Another thing which many readers would probably be glad to hear from this gentleman is, whether by ‘causeways’ are to be understood roads that are ’pitched,’ or paved with stone, somewhat like London streets, only more roughly, in parts where they would in the rainy season become otherwise impassable; as, in certain places, such roads do exist to the writer’s personal knowledge. ‘People in this country seem to have no idea what a horse’s foot is. They have always seen horses shod, and think they always must be shod, and never will alter the method if they are let alone.’ Thanks, ‘Aberlorna,’ for putting the thing so plainly; it comes so much better from you. Some who think of a horse’s foot only as a lump of horn stuck on to the end of his leg for the purpose of nailing a shoe on to, will be led by you to investigate the nature of the foot of the horse.

‘As to farriers, it is useless talking to them. Take your horses to them, and make them follow out your directions through thick and thin; it is the only way.’ Exactly so; no one could give better advice.

In November, 1878, a correspondent wrote in a contemporary:—‘The argument against horseshoes seemed to me so strong, and the convenience of doing without them so great, that I resolved to try the experiment. Accordingly, when my pony’s shoes were worn out, I had them removed, and gave him a month’s rest at grass, with an occasional drive of a mile or two on the high road while his hoofs were hardening. The result, at first, seemed doubtful. The hoof was a thin shell, and kept chipping away, until it had worn down below the holes of the nails by which the shoes had been fastened. After this, the hoof grew thick and hard, quite unlike what it had been before. I now put the pony to full work, and he stands it well. He is more sure-footed; his tread is almost noiseless; and his hoofs are in no danger from the rough hands of the farrier; and the change altogether has been a clear gain, without anything to set off against it. The pony was between four and five years old, and had been regularly shod up to the present year. He now goes better without shoes than he ever did with them; and without shoes he will continue to go as long as he remains in my possession.’

That eight months after—in August, 1879—this gentleman should send a copy of this same article to a provincial paper, is proof that he had never had any difficulties after the first month, the time needed for the ‘thick,’ ‘hard’ horn to reach the ground. There is one thing that he does not tell us, but which would have been interesting to know; and it is, whether any of his neighbours found heart and brains enough to profit by his example. His silence leaves room for the conjecture that ‘they had eyes, but saw not.’ It is even possible they still look upon his proceeding as an eccentricity. Such is life; the world might stand still for all that some people care to the contrary.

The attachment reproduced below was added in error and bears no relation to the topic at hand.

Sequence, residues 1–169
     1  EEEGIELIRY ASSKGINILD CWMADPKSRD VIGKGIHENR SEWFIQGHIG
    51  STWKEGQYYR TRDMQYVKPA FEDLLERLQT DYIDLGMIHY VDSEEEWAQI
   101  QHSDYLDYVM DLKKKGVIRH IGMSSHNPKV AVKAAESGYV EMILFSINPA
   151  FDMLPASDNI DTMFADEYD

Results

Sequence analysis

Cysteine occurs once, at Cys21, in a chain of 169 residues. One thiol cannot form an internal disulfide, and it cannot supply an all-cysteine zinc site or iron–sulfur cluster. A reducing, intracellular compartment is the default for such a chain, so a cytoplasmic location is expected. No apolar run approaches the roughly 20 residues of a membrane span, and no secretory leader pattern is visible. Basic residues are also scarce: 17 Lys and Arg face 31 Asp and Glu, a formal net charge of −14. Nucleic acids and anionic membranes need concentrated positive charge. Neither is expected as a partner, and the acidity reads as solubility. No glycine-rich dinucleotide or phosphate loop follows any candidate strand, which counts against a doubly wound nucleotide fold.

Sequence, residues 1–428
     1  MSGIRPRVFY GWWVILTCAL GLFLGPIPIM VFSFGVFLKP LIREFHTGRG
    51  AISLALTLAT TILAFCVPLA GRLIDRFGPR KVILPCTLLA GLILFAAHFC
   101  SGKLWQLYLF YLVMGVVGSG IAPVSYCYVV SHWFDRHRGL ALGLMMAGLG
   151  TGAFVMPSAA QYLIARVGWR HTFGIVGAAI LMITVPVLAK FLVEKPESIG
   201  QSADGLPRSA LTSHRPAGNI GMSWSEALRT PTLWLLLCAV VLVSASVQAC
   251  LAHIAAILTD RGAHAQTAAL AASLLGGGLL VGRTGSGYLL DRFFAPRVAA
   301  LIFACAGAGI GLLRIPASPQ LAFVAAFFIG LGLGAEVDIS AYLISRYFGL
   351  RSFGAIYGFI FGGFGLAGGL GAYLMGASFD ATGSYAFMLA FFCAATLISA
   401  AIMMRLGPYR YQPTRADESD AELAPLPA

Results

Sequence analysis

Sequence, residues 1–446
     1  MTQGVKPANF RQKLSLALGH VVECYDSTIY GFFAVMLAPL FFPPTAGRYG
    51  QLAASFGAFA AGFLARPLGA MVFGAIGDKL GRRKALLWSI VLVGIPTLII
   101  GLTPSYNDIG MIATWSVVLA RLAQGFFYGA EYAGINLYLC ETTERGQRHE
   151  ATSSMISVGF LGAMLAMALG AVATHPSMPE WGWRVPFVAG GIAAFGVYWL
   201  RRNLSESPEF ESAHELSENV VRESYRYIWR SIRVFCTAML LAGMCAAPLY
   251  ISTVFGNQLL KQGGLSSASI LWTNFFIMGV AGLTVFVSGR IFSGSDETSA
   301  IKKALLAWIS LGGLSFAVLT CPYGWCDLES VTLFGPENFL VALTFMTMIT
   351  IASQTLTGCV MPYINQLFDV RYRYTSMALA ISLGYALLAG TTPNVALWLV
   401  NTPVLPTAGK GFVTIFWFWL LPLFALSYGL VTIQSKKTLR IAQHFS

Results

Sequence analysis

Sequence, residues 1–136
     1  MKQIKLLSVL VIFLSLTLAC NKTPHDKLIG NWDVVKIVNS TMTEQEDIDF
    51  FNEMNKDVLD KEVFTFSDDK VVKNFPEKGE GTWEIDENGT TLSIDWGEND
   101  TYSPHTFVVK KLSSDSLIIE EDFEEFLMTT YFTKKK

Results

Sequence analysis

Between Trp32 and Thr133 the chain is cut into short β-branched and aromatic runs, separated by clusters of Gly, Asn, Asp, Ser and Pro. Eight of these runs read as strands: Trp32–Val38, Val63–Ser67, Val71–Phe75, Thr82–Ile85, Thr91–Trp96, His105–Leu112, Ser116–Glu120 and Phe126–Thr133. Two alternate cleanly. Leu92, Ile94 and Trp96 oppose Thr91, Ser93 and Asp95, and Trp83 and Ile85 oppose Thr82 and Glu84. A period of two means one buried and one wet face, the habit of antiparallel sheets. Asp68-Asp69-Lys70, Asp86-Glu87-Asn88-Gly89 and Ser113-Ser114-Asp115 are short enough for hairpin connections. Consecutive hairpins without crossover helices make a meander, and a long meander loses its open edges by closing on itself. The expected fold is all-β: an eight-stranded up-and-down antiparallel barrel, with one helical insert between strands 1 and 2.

At the same time that this was passing, a well-known farmer and breeder of shorthorns in Cumberland wrote:—‘I had a brood mare which had been running barefooted for several years, when, ceasing to breed, I took her up and used her as a shepherd’s hack, where she had constant work for two years; and, in travelling from farm to farm, she had a considerable distance of hard road to traverse daily, yet she never required shoeing. In the summer of 1877 I purchased a farm horse which had had the misfortune to get a nail into its foot, and he had been under the farrier’s treatment for several months; but had made so little progress towards recovery, that I determined to try what Nature would do for him. I had his shoes taken off and turned him to pasture. In the spring of 1878, being still rather lame, I put him to work on the land; and he is now doing all sorts of farm work, including drawing manure from the town, and drags his load as well over hard pavement as any shod horse that I have. Whether he could stand constant work on hard roads I am unable to say; but he does all that I require of him, and the experiment is so satisfactory that I intend to put another horse through the same training.’

The ‘Lancet’ says:—‘As a matter of physiological fitness, nothing more indefensible than the use of shoes can be imagined. Not only is the mode of attaching them by nails injurious to the hoof; it is the probable, if not evident, cause of many affections of the foot and leg, which impair the usefulness, and must affect the comfort, of the animal.’ There is no dearth of complaints about horseshoes; but people still ‘cling so tenaciously to the favourite superstition’ of regarding them as ‘necessary evils,’ that the idea of fully examining the other side of the question never seems to occur to them; although, when it is brought to their notice, some are found willing to listen to argument and profit by it.